Lead with “Conscience” to Develop Strong Relationships in the Workplace

Published: Jun 01, 2018
Modified: Apr 09, 2024


As leaders, we need to cultivate many qualities as we try to attain the most rewarding relationships with our internal and external stakeholders. When we lead with CONSCIENCE, we can continually improve 10 leadership qualities—each representing one letter of the word “conscience.” Leading with CONSCIENCE can make the difference between dealing with a constantly changing workforce and relying on a stable and satisfied team.

Leading with CONSCIENCE means doing the right thing and feeling that in your gut. This works well in relationships with others, since it breeds trust and mutual respect. Even more to the point, it works well in the relationship you have with yourself, as conscious behavior results in mindful decision making and therefore a much greater sense of inner calm.

10 essential qualities for today’s leaders

Leading with CONSCIENCE should serve as the foundational driver in all our leadership actions. As an acronym, the word “conscience” provides guidelines on implementing the concept it represents:

Communication. Everyone who has held a leadership position knows how important communication is. The must-do’s in communication are to keep it clear and simple, keep it short, and be honest, authentic, and respectful.

Open-mindedness. While the chauvinism or prejudices of others may aggravate us, we have a tendency to overlook our own. Work on keeping an open mind by questioning your stances, thinking twice before disregarding options, and realizing there are always choices when making decisions.

Nimbleness. The pace of life has accelerated to such an extent that it’s practically incomparable to how our forebears lived in the beginning of the 20th century, or even before the Internet. Nimbleness is critical for leaders who want to continue expanding their horizons.

Serenity. It’s hard in a performance-dominated world to unplug from the daily craze for a while. For some leaders, it requires a conscious effort to schedule time for serenity. Although this may look different for each of us, it usually has some common elements, such as absence of stress, quietude, and peaceful surroundings.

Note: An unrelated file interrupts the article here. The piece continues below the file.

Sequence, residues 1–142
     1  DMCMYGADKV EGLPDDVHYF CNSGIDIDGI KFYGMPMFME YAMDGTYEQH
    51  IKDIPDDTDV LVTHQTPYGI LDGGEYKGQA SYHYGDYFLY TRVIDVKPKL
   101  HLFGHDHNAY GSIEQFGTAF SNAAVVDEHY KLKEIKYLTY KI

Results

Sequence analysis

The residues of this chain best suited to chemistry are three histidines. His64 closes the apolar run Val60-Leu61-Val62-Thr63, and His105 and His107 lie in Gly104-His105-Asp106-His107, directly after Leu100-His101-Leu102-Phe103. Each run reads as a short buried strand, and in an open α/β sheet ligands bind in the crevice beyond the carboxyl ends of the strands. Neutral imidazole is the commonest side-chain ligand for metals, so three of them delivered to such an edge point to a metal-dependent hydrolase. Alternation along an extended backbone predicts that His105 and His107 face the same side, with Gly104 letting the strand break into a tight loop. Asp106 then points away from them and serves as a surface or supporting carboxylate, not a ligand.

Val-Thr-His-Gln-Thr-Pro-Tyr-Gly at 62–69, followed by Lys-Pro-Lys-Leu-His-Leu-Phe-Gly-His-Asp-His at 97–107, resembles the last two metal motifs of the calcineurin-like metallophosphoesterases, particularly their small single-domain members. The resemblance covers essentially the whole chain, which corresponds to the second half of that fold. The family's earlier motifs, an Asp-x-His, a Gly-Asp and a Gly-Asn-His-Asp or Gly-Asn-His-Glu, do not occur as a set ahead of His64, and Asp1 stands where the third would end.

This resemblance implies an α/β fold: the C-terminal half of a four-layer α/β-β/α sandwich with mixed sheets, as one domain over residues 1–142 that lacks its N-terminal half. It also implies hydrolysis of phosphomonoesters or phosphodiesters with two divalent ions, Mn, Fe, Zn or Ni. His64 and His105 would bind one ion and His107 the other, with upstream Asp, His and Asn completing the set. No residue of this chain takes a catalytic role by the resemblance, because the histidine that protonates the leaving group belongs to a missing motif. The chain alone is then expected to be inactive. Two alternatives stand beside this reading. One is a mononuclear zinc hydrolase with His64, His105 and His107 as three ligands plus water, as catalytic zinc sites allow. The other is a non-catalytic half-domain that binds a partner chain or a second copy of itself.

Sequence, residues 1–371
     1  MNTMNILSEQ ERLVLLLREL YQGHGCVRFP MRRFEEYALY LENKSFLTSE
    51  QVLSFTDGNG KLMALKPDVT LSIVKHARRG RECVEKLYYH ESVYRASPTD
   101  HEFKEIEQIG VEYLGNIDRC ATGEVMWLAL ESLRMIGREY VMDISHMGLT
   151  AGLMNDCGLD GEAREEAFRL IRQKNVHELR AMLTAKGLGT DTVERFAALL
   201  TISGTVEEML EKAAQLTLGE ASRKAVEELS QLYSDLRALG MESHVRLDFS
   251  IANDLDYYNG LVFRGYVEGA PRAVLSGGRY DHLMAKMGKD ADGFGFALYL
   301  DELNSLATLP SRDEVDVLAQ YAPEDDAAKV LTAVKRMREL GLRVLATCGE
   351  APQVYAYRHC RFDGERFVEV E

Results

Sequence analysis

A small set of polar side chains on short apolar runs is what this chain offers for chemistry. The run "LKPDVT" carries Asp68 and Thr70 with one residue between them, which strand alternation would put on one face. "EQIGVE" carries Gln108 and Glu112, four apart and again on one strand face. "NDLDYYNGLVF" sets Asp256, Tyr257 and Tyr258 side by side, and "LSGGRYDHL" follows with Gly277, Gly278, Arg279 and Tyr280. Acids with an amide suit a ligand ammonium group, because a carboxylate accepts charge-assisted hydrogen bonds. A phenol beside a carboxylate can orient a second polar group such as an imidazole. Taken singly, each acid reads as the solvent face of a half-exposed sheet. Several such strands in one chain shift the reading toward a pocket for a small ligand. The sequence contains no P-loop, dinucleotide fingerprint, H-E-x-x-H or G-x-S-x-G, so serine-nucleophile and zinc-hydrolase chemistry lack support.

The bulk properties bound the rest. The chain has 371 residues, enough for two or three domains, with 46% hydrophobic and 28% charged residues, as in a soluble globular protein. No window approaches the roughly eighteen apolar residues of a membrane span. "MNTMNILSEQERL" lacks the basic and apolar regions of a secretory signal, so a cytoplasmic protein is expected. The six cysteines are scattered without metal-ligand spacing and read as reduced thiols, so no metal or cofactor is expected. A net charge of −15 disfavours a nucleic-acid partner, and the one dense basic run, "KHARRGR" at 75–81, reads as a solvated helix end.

Collaboration. Being able to work with others cannot be overlooked in leading with CONSCIENCE. Whether you are enamored of teams or not, make sure you include others in your decision-making processes and actions so that they feel involved.

Inspiration. Leaders know that a lack of inspiration can lead to lack of action and, consequently, lack of success. Finding inspiration for yourself is therefore essential in working up the desire and determination to perform. To inspire others, recognize that every person is inspired in a different way. Identify the specific need and address it as appropriate.

Excellence. Most leaders are ambitious people who strive for excellence in their work. When performing with excellence, we don’t just honor our own standards—we express utmost respect to the recipients of our efforts.

Nobleness. Leaders will admit that, all too often, the easiest way to accomplish a goal is not the noble way. Doing the right thing can be hard or unpopular. Yet if you aim to lead in a way that lets you live with yourself, you will be on a path to continue doing the right thing.

Conscientiousness. When employees consider their leader a conscientious person, they may be inspired to display the same behavior. They will feel a sense of trust in their leader for taking responsibility for tasks and ensuring they are completed in the most responsible way possible.

Empathy. In a world driven by revenues and bottom lines, empathy seems counterproductive. Yet it can be the critical element in how a leader is perceived. When employees know their leader understands the issues they deal with, they appreciate that kind of empathetic behavior and are more willing to invest effort and perseverance on the job.

Leading with CONSCIENCE is critical. It’s beneficial to our personal and professional well-being as leaders, and it’s the leadership style to which the Millennial generation seems best able to relate. Millennials, our current and future stakeholders, have it within their power to focus their decisions, careers, and investments on one major goal: making the world a better place.

About The Author

Joan Marques, PhD, is dean and professor of management at Woodbury University in Burbank, Calif. She is author of Ethical Leadership: Progress with a Moral Compass (Routledge, 2017), Leadership and Mindful Behavior: Action, Wakefulness, and Business (Palgrave MacMillan, 2014), and other books on mindful leadership. Learn more at JoanMarques.com